Phillips: Orange Grove, other charities worth aiding

Phillips: Orange Grove, other charities worth aiding

October 22nd, 2011 in Business Diary

In these days of natural disasters and family hardships, charities stretch out their hands even wider.

While we're all familiar with relief charities, such as the Red Cross or Salvation Army, we sometimes forget local organizations that also need our help but aren't necessarily disaster-oriented.

I've researched Chattanooga agencies so readers can see what's in their own backyard.

Don't forget volunteering your time is sometimes as important as a financial handout. Read on about these groups in no particular order of importance.

* Orange Grove Center ( is a private, nonprofit organization serving adults and children with developmental disabilities. (My husband periodically deals with this group and is incredibly impressed.)

Established in the early 1950s in Hamilton County by families of children with intellectual disabilities who desperately needed educational services.

Orange Grove provides a wide array of community services and, in fact, is a Four-Star award recipient -- one of a very few -- from the Department of Intellectual and Developmental Disabilities for outstanding services to people with developmental disabilities.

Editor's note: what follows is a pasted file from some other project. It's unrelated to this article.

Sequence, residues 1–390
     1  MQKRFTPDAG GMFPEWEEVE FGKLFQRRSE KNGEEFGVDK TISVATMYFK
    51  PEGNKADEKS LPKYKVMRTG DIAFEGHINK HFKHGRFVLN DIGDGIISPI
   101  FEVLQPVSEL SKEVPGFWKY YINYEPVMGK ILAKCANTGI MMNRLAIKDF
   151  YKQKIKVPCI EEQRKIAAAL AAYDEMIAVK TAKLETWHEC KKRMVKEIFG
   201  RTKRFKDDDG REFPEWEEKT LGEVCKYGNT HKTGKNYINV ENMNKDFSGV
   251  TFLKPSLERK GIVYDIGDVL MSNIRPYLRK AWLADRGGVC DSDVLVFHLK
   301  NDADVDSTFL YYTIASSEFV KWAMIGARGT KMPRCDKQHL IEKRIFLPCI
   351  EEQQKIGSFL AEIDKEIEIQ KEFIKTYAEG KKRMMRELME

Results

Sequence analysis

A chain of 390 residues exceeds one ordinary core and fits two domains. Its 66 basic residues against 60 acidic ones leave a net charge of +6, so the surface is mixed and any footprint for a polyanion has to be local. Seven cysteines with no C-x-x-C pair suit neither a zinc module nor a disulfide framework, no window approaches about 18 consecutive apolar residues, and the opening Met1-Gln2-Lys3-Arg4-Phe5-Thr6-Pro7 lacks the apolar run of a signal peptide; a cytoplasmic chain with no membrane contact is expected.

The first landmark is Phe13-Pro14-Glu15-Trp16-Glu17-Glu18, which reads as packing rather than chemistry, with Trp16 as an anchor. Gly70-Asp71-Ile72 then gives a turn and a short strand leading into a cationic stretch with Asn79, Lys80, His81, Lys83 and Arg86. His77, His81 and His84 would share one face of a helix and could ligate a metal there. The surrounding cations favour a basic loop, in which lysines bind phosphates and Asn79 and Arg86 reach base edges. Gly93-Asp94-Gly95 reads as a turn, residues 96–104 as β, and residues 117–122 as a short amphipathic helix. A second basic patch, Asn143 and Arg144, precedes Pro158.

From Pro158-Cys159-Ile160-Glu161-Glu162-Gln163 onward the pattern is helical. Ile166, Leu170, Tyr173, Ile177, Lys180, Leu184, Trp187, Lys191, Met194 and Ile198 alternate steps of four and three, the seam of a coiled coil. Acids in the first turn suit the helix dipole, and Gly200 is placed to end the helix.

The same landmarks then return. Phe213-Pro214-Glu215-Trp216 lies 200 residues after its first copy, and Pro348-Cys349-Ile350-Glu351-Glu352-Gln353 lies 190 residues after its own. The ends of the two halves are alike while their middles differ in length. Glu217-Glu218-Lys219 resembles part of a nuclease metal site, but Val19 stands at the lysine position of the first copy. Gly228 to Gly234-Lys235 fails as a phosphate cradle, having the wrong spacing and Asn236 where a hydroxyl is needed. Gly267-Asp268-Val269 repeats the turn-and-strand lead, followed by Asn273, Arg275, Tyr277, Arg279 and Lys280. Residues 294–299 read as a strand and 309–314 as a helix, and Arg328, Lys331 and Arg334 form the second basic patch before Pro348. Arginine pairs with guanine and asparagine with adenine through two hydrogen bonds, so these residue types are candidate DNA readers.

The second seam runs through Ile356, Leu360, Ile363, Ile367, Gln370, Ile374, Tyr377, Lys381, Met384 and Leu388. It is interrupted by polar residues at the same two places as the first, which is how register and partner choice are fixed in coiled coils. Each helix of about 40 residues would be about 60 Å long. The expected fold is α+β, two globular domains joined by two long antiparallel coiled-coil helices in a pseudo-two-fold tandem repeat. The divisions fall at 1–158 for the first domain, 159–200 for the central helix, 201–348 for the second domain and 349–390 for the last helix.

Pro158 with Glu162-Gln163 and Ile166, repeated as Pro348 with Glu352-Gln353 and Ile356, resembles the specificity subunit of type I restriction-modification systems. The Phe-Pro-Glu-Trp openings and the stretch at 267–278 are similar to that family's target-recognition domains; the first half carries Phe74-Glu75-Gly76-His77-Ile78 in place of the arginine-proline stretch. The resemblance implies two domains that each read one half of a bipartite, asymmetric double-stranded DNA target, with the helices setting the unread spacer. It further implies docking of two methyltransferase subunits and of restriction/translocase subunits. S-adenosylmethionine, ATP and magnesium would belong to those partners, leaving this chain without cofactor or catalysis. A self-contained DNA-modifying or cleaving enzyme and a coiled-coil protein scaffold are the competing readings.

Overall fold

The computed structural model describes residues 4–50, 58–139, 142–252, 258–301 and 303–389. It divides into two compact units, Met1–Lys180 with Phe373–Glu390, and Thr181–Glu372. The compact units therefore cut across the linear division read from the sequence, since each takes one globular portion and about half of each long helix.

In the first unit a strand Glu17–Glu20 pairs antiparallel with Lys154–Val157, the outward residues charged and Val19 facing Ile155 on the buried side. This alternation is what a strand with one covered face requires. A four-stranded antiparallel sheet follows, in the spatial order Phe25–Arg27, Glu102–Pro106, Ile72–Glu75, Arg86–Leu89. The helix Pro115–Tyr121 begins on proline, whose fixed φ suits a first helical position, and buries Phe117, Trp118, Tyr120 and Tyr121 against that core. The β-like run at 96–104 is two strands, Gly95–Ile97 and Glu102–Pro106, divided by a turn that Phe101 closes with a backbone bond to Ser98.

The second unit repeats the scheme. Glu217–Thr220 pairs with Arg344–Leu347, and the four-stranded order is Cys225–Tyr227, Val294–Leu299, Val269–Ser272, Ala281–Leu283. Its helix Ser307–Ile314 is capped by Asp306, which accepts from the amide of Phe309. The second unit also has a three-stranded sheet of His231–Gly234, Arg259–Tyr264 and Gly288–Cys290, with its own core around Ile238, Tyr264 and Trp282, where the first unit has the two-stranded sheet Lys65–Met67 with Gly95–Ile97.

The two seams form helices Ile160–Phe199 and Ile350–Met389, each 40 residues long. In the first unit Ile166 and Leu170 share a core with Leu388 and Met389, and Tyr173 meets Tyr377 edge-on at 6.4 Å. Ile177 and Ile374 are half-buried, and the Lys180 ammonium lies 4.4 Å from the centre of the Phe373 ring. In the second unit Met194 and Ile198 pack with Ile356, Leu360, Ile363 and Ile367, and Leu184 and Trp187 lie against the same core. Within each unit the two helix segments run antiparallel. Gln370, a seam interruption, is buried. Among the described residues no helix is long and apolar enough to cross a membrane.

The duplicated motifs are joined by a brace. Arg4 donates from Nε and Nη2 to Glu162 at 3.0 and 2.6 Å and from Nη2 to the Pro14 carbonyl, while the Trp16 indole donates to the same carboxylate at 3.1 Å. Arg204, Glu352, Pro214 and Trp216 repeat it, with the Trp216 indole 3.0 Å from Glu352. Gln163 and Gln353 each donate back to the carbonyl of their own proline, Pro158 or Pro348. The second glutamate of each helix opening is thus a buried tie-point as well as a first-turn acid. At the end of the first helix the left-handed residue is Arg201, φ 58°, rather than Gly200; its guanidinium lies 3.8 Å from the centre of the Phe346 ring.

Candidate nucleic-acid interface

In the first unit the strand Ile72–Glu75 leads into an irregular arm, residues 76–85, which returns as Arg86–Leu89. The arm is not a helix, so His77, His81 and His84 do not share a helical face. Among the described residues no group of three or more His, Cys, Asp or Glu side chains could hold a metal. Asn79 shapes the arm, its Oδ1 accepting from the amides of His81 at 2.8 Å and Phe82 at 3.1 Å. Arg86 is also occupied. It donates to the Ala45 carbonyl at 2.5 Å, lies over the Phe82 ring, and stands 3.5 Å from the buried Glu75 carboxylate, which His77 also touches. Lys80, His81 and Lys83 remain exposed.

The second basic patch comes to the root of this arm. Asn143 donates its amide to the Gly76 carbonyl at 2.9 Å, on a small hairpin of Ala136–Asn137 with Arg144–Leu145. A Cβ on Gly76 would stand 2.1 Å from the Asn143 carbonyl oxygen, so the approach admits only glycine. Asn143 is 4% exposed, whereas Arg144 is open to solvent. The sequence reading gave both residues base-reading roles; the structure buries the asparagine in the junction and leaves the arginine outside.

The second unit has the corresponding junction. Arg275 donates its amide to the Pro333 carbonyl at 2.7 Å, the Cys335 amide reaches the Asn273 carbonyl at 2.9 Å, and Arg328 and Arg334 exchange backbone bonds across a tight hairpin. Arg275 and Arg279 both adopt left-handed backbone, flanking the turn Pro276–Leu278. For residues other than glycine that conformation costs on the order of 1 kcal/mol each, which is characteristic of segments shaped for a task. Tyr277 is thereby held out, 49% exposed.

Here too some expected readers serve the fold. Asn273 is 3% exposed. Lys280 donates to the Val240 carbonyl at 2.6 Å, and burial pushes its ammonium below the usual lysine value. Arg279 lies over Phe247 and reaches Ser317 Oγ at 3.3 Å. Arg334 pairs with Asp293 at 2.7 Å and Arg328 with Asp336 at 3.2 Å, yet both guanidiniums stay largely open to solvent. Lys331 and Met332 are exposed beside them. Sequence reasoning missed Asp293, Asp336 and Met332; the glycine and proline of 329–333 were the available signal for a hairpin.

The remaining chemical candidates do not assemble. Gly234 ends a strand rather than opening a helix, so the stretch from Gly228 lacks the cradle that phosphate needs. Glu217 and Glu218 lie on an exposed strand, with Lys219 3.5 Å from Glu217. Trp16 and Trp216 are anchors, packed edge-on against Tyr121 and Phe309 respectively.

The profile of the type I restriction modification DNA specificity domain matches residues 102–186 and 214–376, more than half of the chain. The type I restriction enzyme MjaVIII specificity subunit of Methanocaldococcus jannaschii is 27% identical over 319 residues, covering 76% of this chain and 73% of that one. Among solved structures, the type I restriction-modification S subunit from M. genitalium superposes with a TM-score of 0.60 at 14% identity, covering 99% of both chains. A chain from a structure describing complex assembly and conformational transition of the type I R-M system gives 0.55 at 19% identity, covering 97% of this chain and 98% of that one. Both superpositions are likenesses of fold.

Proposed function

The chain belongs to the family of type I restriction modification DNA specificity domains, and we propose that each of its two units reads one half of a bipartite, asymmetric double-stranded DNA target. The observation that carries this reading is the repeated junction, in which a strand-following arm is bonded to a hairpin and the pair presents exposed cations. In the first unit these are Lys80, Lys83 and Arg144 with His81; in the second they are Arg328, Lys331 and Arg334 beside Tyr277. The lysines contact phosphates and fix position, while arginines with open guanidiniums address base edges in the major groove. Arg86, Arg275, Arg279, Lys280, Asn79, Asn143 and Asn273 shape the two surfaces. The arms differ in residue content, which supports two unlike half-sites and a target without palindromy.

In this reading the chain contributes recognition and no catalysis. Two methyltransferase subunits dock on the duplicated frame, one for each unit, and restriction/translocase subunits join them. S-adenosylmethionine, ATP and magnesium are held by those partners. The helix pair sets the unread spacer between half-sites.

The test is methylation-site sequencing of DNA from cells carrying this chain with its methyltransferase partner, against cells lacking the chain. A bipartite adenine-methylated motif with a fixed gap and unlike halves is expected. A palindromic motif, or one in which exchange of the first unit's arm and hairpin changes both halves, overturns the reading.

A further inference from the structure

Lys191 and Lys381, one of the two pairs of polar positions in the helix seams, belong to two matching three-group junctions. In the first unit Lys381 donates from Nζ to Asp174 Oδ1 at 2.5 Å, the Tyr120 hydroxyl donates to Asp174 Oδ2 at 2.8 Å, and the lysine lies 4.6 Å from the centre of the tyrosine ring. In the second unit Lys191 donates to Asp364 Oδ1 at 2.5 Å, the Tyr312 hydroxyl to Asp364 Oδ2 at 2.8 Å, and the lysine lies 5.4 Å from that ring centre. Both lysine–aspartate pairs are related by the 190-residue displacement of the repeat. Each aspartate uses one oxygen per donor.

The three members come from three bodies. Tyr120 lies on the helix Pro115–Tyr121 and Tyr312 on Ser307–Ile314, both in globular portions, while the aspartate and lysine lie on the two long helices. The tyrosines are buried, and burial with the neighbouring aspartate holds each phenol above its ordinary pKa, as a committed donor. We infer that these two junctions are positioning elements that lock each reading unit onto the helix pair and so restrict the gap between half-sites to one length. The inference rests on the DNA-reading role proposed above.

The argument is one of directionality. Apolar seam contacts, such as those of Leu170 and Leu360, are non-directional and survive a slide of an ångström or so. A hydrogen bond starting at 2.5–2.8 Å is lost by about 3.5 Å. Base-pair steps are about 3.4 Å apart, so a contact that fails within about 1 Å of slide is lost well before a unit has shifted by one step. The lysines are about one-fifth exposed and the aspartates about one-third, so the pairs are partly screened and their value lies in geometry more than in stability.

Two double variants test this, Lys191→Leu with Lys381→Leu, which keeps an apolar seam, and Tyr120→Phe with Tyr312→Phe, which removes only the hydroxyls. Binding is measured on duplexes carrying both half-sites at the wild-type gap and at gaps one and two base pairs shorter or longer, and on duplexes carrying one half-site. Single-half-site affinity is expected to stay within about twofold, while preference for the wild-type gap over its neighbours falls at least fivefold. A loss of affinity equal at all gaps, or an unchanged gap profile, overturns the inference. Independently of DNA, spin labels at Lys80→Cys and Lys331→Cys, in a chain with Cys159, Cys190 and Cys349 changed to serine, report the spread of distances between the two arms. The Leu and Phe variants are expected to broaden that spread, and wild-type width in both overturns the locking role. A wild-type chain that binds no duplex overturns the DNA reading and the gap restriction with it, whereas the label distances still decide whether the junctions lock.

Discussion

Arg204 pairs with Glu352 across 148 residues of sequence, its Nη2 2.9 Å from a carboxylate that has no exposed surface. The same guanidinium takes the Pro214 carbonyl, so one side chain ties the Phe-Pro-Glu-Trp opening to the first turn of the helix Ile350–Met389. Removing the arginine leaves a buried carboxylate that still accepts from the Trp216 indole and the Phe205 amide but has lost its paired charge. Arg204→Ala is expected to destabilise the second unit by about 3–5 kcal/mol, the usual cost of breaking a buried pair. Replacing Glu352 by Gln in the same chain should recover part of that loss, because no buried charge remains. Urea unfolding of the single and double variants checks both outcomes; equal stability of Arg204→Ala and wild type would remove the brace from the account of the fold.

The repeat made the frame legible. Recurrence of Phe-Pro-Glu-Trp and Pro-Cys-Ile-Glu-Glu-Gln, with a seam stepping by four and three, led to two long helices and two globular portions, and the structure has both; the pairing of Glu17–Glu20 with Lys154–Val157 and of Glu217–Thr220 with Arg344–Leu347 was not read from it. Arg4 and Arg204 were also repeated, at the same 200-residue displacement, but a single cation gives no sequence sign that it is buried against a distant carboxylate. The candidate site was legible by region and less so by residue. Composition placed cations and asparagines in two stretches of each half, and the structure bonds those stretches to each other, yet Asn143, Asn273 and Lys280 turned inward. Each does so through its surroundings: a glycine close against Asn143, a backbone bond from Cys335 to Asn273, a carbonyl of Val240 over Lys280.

The Orange Grove Center is one of only a few organizations to have earned this rating. Either go online or call to volunteer or contribute: 423-629-1451.

* The National Craniofacial Association or FACES ( is dedicated to assisting children and adults who have craniofacial disorders resulting from disease, accident, or birth. Among other types of aid, the group assists folks who need medical help away from home. FACES' primary message to those suffering from the disorders and their families is "You are not alone." Volunteer or contribute either online or call 800-332-2373.

* Big Brothers-Big Sisters of Greater Chattanooga ( helps children reach their potential through supported one-to-one relationships between children and professionals. Once matched, Big Brothers and Big Sisters develop friendships with their Little Brothers and Little Sisters -- children who need an adult mentor. Obviously this organization is all about volunteering, but they like contributions, too. Call 423-698-8016 or go to its website.

* Bachman Academy ( is a boarding and day school. The school serves youngsters, grades sixth through 12th who have learning-based language disorders: dyslexia, dysgraphia, dyscalculia, nonverbal learning disorder, and students with attention deficit disorder and attention deficit hyperactivity disorder. The programs include career-education in mechanics, equine science, woodworking, and horticulture/agriculture. Check the group out online or call 423-479-4523.

To be continued.

Ellen Phillips is a retired English teacher who has written two consumer-oriented books. Her Consumer Watch column appears every Saturday. Email her at consumer watch@timesfree